The Most Beautiful Girl

There was a time in my youth when I thought the woman known as Betty Crocker must have been the most beautiful female alive; then I found out that she was really a composite drawing of fine features from many women.  Now, all of this is “tongue in cheek,” of course, because I really never gave Betty Crocker that much thought.  Recently, though, going through a lifetime collection of my late mother’s treasured books, I found a Betty Crocker cookbook dated 1968 and was reminded of the beautiful composite non-person.

So, by now you might suspect that this post is a bit different than my regular ones. If that is what you thought, you are correct. I will get back to the most beautiful woman in a moment.

Today is my wife’s birthday, so I am going to try to surprise her with this “Happy Birthday Ellen” post.  I had planned to write about “The Pastor’s Wife,” but realized that I had devoted a post to that subject in 2021.  You can read it by scrolling down the archives or by pulling it up on your computer under that that title.  I recommend it! 

When I was a teenager, my family attended Calvary Baptist Church in Ottumwa, Iowa, where Keith Knauss was the pastor.  Keith was all that you’d ever hope for in a pastor; his wife, Nellie, was the quintessential pastor’s wife. It was agreed upon by just about everyone that Pastor and Mrs. Knauss were the epitome of a pastor/wife team.  They stayed in that church for 10 years, and I thought at that time that 10 years as pastor of one church was like a lifetime.  How could anyone do that?  Never in my wildest imaginations would I have believed that one day I would retire having pastored the same church for 40 years!  Keith and Nellie set the bar, and in this college student’s mind they were the gold standard; they remained so as long as they lived.  You can imagine my chagrin when, upon Keith’s passing, Nellie asked me to conduct her husband’s funeral and extenuating circumstances did not allow me the opportunity of doing so.

But, back to the most beautiful girl.  I met her, in person, early in my junior year at Bob Jones University. In those days, every student was given a seating assignment in the huge dinning common where we would eat, family style, three meals a day, required.  It was at one of those table assignments in the fall of 1963 that I met a freshman business major from North Carolina whose name was Ellen Beshears.  She was quiet, beautiful, maybe a bit aloof (to this young man at least), but she intrigued me, and it was not long before I asked her if I could walk her to her next class after lunch.  She agreed, and the rest is history.  Every fall at BJU in those days they had a “Turkey Bowl,” where the top soccer teams would play for the championship.  Then, there was a nice, classy “artist” series to attend in the evening, and hall monitors and dorm supervisors (Bob and Joan Taylor were supervisors in Reveal, where my dorm was) would encourage the guys to get a date for this special occasion. I tried, but Ellen already had accepted an invitation from another suitor, so I had to “get in line.”  I did, and in time, I got a “yes” to my note sent through the 10 p.m. dorms-to-dorms mail system.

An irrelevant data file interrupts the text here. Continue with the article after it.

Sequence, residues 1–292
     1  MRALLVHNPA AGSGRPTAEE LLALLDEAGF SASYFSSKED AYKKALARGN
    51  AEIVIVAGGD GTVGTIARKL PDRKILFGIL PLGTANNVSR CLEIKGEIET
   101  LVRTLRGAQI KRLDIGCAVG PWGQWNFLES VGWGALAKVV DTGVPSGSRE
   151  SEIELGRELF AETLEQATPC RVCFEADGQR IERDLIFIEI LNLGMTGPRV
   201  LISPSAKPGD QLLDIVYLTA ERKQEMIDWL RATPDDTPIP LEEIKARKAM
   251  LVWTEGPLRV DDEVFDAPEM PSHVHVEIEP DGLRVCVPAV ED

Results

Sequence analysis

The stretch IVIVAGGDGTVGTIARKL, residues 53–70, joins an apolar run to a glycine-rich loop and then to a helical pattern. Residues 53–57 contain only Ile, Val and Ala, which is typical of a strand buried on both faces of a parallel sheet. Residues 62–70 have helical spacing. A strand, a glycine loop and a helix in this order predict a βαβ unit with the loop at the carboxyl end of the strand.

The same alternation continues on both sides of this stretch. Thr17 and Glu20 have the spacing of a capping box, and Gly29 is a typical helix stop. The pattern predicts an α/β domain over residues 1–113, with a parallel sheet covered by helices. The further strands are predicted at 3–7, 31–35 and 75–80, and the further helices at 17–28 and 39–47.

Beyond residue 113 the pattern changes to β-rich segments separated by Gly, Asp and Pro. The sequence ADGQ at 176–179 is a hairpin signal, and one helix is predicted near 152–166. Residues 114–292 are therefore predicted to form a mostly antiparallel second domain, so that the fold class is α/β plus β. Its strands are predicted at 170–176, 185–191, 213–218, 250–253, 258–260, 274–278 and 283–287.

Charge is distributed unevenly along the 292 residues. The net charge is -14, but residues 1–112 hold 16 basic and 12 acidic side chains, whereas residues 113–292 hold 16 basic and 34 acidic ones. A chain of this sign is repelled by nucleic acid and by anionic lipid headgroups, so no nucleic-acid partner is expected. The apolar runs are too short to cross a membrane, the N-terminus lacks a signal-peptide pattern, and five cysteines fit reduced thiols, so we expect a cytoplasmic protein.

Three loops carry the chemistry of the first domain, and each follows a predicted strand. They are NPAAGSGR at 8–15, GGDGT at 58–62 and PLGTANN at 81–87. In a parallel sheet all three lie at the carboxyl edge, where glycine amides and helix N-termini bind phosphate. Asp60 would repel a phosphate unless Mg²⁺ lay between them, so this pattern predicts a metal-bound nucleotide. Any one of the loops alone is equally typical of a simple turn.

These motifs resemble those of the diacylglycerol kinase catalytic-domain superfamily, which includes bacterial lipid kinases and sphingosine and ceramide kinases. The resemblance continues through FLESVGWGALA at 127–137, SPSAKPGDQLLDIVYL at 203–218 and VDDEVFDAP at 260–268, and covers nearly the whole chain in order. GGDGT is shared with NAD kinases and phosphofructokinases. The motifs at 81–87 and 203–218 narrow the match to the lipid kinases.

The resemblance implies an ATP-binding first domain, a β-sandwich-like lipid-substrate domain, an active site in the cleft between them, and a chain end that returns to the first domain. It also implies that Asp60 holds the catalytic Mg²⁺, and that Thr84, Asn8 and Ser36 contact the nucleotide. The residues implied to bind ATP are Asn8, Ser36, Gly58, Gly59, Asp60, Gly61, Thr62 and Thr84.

In 1964 we were engaged, after many walks to classes, dates to artists series, and hours spent in the “dating parlor.” On a hot August evening in 1965, in a quaint little white chapel where there was a pulpit that Ellen’s Dad preached from every Sunday (and would until he had to step back due to health issues after 55 years as pastor), we exchanged sacred vows in holy matrimony.  Pastor Malcolm Neier, pastor then of Coatesville (Indiana) Missionary Baptist Church, where I would serve as interim pastor following my retirement as senior pastor 55 years later, led us in the ceremony.

It was while we were still engaged, though, that I penned Ellen the following poem, which I would later recite as part of our wedding ceremony:

“The most beautiful girl on the face of God’s earth,
Is a girl named Ellen Beshears;
For her beauty’s not merely a beauty of youth,
But one that will outlive the years;
She’s a woman who knows, a woman who cares-
And one who can understand;
She can cheer with a smile, sympathize with a tear,
Reassure with the touch of her hand.
You, sweet Ellen, are the girl I love,
The first and the only one;
You’ve colored my dreams, 
You’ve captured my heart—
My entire being you’ve won!
I’ll love you in life, I’ll love you in death,
I’ll love you ‘till God doth us part;
I’ll love you with body and soul and mind,
I’ll love you with all of my heart.”
And, after 57 years of oneness, it’s more true with the passing of every day.
Happy birthday, Ellen. You really are “the most beautiful girl….”

Many waters cannot quench love, neither can the floods drown it….” (Song of Solomon 8:7)

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